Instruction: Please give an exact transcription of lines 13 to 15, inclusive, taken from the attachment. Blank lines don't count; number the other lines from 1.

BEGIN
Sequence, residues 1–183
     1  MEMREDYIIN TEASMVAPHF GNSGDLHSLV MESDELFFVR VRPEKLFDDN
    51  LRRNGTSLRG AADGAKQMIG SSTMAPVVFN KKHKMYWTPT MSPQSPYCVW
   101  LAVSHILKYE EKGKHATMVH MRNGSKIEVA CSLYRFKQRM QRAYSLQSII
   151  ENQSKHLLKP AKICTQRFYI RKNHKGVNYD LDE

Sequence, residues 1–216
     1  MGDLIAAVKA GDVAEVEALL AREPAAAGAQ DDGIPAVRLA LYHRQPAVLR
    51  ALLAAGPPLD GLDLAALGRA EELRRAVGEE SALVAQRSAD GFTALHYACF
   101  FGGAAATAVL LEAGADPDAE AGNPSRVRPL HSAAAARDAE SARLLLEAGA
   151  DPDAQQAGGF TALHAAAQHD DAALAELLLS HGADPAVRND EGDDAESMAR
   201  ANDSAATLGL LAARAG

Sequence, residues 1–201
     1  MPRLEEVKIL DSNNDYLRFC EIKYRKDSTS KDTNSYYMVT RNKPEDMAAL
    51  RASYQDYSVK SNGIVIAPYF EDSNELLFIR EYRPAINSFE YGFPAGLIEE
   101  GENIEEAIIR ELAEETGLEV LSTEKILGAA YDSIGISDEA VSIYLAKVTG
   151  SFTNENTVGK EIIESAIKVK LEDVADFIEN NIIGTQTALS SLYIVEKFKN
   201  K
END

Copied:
     1  MPRLEEVKIL DSNNDYLRFC EIKYRKDSTS KDTNSYYMVT RNKPEDMAAL
    51  RASYQDYSVK SNGIVIAPYF EDSNELLFIR EYRPAINSFE YGFPAGLIEE
   101  GENIEEAIIR ELAEETGLEV LSTEKILGAA YDSIGISDEA VSIYLAKVTG